Hi guys. Excuse me for butting in, but you are overlooking an important point. Besides no need to bleed the system, a lot of do-it-yourselfers AND inexperienced mechanics cause a problem by thinking it is necessary to pedal-bleed with a helper. The problem comes when they push the brake pedal all the way to the floor. That will often damage a master cylinder that is more than about a year old. Crud and corrosion build up in the bores where the pistons don't normally travel. Pushing the brake pedal to the floor, whether bleeding improperly, or when surprised by a sudden leak, runs the rubber lip seals over that crud and can rip them. That can result in a slowly-sinking pedal, and that often does not show up for a few days. It can also result in no brakes at all if both seals are torn.
If the truck has anti-lock brakes, it is correct that a scanner may be needed to command the computer to open two chambers so the air can be expelled, but only if you allowed the reservoir to run empty. That is another common mistake, but only when the hydraulic system is opened to replace a part. If you just slapped new pads on, which is just a fraction of a professional brake job, there is no need to bleed the system. It is recommended by every manufacturer to replace the brake fluid periodically, along with the moisture it absorbs, but few of us do that because the systems are so trouble-free. When you do that maintenance service, just let most of the old brake fluid run out, then fill the reservoir with clean, fresh fluid, and let that run through. As long as the reservoir never runs empty, no air can get in.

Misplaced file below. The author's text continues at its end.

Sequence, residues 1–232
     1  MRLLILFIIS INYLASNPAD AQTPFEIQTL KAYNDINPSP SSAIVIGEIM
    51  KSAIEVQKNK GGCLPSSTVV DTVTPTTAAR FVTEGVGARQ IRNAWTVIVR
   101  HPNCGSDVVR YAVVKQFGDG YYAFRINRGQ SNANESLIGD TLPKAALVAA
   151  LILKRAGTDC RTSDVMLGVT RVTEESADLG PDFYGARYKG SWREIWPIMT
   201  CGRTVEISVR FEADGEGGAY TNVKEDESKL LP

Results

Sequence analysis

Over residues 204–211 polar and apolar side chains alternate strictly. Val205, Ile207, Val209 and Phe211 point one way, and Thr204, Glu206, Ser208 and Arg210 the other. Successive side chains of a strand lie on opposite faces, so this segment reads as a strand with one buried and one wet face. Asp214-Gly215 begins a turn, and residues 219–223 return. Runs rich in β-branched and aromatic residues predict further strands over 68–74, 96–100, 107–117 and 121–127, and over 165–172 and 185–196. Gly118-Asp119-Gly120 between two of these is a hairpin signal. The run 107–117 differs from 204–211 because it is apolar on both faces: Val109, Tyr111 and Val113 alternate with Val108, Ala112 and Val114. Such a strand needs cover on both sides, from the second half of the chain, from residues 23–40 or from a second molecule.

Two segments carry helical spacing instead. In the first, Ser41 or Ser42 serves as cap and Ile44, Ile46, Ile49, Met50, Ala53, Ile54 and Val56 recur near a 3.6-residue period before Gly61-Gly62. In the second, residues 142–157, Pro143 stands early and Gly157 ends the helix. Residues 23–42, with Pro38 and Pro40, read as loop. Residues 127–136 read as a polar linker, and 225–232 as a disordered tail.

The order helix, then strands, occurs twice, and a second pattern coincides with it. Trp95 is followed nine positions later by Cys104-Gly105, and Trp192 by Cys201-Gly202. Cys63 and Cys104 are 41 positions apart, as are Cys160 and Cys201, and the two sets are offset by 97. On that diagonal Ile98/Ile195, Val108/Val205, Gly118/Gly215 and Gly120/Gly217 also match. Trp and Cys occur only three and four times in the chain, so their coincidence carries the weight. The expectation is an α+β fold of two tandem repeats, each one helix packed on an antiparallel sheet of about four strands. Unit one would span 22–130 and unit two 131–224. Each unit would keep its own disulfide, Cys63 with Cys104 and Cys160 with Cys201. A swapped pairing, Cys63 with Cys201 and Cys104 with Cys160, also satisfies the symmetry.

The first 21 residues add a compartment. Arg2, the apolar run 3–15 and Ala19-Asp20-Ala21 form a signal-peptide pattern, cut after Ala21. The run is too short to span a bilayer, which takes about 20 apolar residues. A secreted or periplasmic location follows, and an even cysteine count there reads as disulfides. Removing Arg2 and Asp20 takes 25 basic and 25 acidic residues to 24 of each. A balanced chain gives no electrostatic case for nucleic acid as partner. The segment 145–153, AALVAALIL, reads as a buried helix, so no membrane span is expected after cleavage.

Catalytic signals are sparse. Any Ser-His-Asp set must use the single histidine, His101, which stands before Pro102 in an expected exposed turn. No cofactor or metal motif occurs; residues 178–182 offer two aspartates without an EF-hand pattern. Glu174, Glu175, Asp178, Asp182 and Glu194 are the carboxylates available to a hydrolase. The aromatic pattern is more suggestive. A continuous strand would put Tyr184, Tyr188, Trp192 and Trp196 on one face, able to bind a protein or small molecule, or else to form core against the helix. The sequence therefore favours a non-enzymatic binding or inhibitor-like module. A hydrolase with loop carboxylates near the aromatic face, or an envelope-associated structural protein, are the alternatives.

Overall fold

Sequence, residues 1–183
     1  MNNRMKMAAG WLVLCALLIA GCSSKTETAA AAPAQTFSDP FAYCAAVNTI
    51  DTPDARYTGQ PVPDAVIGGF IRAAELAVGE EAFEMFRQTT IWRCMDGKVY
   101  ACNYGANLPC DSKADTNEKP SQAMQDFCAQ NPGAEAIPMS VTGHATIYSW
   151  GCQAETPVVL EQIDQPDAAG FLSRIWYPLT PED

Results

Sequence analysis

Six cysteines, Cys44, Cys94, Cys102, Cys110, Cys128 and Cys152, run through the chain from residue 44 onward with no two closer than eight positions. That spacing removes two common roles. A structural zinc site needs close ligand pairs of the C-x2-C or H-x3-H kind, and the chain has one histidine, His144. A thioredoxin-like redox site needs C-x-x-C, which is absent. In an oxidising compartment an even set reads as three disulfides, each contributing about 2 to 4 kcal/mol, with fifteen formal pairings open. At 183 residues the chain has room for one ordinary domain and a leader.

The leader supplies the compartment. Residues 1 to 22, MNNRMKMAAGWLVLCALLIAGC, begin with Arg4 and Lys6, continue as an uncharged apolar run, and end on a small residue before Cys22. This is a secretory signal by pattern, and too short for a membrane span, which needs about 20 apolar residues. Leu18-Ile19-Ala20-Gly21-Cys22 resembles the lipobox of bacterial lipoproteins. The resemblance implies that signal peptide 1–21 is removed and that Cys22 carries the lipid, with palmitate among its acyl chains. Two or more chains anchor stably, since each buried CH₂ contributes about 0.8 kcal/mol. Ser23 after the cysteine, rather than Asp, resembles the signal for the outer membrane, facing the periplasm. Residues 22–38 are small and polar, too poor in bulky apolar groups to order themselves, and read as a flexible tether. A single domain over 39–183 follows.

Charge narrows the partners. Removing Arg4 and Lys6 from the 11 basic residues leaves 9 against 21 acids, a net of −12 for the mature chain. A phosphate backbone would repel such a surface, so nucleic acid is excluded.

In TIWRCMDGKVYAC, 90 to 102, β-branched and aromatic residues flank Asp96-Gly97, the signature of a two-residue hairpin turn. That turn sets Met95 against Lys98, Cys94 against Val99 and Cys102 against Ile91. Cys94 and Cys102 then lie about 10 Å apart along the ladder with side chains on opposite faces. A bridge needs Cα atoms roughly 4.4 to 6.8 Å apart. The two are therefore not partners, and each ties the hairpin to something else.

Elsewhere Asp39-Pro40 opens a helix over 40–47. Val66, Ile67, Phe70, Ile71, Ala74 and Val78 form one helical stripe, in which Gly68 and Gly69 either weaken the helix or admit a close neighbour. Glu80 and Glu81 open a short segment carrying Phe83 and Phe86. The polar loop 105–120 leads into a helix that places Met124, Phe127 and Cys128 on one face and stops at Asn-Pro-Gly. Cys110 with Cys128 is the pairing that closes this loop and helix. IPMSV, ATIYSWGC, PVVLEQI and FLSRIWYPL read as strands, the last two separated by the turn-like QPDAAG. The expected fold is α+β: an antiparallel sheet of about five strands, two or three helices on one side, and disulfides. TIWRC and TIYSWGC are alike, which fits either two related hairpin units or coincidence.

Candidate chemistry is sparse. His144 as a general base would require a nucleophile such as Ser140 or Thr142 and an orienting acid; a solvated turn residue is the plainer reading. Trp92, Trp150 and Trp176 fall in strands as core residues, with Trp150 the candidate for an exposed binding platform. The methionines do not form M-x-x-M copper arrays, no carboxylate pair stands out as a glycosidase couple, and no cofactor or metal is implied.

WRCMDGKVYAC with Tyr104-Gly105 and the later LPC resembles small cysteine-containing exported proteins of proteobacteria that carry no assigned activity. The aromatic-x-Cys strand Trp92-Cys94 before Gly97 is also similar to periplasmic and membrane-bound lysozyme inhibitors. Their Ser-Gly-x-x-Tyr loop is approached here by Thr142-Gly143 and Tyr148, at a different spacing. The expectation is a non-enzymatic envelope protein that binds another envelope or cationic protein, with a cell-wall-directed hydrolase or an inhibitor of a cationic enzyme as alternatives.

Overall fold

The only bleeding method I use is gravity-bleeding. No helper is required, but it does take a little longer. Loosen the cover on the reservoir to prevent vacuum from forming that would inhibit the free flow of the brake fluid. Open all the bleeder screws for just the wheels that need to be bled. If no fluid runs out after about five minutes, "irritate" the brake pedal a little, by hand, to get the flow started. When no more bubbles are coming out, close that bleeder screw, then wait for the next one to start flowing. When they are all closed, work the brake pedal a little by hand again to wash the few sticking bubbles into the calipers or wheel cylinders. Open each bleeder screw once more to let those few bubbles pop out, and you're done.
JIS001 mentioned pushing the pistons into the caliper housings. That is necessary to fit the new, thicker pads in place. Once everything is assembled, you have to manually run those pistons back out until the pads contact the rotors. If you reused the old rotors, they will be worn a little thinner than they were originally. The result is you may be able to push the brake pedal all the way to the floor before the pads make that initial contact and pedal pressure builds up. That can also damage the seals in the master cylinder. I tell my students to pretend there is a 4x4 block of wood under the pedal, and to never ever push the pedal past that block.
If it does appear you need to replace the master cylinder, I have a trick that eliminates the need to bleed at the wheels, but it works best when there are only two steel line connected to the master cylinder. Ford connects four lines, two on each side, to a lot of their vehicles. My trick still works on those, but it takes a little longer.
Sunday, September 17th, 2017 AT 3:50 PM